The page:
The Black Coaches and Administrators released a study Wednesday that examined the practices of schools that hired new football coaches last season.
Iowa State, which hired Paul Rhoads, received an A. Kansas State, which hired Bill Snyder after a three-season sabbatical, got an F.
The study considered the time frame of the hiring, communication of the job opening, potential candidates, composition of the search committee and affirmative action before ascertaining a final grade.
The Big 12 does not have an black head coach in place after Ron Prince was fired and replaced by Snyder. It has had three black coaches in its history with Oklahoma's John Blake (1996-98), Oklahoma State's Bob Simmons (1995-2000) and Prince (2006-08).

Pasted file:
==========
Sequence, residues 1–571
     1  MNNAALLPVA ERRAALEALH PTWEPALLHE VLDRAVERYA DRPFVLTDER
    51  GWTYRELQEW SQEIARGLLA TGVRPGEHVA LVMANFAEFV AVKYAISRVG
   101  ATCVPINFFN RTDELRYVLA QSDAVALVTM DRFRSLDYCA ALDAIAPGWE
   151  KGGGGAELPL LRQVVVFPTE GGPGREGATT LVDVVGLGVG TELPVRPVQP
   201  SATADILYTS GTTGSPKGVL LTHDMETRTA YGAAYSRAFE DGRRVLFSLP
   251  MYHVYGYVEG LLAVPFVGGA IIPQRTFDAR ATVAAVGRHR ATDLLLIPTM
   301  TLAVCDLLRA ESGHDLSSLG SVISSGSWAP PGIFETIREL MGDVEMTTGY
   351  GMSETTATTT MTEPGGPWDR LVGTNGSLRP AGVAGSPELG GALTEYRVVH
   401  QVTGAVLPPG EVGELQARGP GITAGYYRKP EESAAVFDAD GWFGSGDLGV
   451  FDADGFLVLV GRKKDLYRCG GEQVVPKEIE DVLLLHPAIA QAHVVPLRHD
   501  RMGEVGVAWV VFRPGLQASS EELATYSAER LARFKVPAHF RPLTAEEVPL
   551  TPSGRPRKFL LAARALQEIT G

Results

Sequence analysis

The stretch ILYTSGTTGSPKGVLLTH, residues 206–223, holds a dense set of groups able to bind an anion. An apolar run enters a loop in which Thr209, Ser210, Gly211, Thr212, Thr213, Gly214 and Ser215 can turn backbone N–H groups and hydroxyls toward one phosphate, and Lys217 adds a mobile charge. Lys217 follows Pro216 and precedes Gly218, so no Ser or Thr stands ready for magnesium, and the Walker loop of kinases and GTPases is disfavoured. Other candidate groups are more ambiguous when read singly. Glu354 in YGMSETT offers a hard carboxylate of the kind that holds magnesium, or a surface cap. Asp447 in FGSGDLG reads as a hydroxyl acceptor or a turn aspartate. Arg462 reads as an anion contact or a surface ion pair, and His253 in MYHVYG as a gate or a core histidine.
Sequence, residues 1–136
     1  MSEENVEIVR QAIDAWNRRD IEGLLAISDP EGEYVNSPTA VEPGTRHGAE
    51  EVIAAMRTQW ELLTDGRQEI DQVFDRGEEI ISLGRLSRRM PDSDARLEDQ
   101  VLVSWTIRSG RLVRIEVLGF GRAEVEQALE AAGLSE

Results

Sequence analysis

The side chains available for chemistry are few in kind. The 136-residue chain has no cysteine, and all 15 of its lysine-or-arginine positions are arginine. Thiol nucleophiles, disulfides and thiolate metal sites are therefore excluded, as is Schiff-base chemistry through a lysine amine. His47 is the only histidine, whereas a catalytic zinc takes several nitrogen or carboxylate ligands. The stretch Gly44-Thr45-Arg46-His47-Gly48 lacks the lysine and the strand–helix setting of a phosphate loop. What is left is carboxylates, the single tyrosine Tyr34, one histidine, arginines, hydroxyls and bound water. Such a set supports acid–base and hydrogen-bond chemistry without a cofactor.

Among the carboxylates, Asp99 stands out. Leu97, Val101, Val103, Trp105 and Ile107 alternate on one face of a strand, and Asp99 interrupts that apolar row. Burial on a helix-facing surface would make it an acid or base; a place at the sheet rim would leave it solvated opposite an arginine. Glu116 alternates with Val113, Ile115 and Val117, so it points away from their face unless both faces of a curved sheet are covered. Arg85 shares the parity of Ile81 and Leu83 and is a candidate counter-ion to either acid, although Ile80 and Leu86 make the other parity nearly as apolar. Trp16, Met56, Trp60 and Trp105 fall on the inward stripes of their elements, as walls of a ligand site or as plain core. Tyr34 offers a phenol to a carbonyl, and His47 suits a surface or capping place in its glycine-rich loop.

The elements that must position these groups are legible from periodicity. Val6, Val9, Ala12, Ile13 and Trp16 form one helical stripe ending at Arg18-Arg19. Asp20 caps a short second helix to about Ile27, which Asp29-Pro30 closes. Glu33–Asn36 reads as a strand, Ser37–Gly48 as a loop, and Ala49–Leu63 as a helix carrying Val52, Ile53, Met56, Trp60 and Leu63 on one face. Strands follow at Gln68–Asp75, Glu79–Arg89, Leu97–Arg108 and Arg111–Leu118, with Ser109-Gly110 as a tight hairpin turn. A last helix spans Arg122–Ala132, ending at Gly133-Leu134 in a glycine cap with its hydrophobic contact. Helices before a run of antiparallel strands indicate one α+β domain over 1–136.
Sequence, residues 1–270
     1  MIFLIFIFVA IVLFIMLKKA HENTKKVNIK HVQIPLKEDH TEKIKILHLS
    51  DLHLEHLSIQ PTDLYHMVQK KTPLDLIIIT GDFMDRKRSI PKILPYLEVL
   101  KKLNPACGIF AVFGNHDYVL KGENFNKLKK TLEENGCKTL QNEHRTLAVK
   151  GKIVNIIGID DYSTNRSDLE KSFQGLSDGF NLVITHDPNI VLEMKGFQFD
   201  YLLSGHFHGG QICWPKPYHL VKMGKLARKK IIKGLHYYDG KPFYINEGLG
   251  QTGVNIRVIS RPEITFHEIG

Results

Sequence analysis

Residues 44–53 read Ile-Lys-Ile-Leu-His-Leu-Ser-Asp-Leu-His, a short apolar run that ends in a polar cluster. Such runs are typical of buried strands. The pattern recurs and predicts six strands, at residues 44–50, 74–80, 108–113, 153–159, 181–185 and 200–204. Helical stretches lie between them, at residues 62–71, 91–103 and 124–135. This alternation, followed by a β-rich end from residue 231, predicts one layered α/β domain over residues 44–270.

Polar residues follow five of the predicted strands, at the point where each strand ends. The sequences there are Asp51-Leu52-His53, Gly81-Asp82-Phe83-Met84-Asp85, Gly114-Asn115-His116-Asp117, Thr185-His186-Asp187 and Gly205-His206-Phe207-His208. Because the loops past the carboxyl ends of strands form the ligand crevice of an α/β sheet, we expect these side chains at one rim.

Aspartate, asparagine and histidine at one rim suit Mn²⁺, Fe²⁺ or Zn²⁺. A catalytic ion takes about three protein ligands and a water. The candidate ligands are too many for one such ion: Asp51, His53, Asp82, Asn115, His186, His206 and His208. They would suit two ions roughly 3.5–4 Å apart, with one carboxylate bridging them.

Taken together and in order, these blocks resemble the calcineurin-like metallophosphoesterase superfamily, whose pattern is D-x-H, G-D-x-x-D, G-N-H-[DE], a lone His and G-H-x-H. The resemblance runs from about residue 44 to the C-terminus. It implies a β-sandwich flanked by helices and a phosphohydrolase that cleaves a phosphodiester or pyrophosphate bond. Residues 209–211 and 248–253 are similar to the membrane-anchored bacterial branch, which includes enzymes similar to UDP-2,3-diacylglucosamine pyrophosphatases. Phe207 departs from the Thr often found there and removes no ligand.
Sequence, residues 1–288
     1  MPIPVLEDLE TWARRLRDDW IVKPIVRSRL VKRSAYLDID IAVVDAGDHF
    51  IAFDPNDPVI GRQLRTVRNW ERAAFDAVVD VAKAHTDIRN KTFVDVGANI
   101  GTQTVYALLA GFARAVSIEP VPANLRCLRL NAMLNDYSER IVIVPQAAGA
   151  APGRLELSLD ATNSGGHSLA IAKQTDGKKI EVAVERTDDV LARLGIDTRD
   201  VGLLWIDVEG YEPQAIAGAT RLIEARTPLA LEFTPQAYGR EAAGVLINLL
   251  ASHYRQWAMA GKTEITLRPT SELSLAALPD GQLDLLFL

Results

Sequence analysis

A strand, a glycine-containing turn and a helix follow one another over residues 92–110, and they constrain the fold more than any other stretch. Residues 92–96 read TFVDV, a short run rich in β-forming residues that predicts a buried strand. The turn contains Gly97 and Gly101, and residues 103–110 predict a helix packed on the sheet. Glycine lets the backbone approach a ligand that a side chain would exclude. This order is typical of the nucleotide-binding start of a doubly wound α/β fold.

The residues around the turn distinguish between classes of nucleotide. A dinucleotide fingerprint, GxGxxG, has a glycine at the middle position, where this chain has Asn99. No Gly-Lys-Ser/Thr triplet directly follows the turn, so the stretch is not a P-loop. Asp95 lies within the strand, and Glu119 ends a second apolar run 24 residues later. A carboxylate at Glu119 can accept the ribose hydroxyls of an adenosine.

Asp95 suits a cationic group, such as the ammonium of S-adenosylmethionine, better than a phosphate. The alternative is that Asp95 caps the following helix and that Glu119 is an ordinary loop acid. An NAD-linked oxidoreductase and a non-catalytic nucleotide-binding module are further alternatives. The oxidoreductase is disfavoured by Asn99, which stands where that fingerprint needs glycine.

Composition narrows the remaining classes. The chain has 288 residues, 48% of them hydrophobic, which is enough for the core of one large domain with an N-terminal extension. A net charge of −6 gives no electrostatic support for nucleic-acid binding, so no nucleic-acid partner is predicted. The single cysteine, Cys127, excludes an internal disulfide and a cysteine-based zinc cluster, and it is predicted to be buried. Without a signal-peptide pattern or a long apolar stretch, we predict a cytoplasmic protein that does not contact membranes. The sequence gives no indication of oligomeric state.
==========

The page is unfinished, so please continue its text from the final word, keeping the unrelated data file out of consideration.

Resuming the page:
The lack of a black Big 12 head coach was addressed in the foreword to the study, written by Richard Lapchick, director of the Institute for Diversity and Ethics in Sports at the University of Central Florida.
"Last year I said we needed a new game plan with an arsenal of new weapons we have not had to change the hiring practices for head football coaches in college sport. The failure to achieve dramatic improvements now calls for a civil rights movement in college sport," Lapchick wrote.
"America has its first African-American president. Yet our record for hiring football coaches of color is scandalous. As of the date of this publication, we do not have an African-American head football coach in the SEC, Big 12, Big Ten, PAC-10, or Big East."
Conference officials should do what they can to encourage head coaching job searches that are cognizant of minority hirings. Thankfully with the BCA's study, somebody is watching.